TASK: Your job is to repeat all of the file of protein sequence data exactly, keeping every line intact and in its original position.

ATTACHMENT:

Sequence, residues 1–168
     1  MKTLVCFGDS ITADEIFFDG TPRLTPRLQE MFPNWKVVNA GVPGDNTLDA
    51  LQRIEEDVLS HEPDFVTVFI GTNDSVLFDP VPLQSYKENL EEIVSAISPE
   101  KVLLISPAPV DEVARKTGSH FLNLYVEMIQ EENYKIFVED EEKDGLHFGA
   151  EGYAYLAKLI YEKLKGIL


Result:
Sequence, residues 1–168
     1  MKTLVCFGDS ITADEIFFDG TPRLTPRLQE MFPNWKVVNA GVPGDNTLDA
    51  LQRIEEDVLS HEPDFVTVFI GTNDSVLFDP VPLQSYKENL EEIVSAISPE
   101  KVLLISPAPV DEVARKTGSH FLNLYVEMIQ EENYKIFVED EEKDGLHFGA
   151  EGYAYLAKLI YEKLKGIL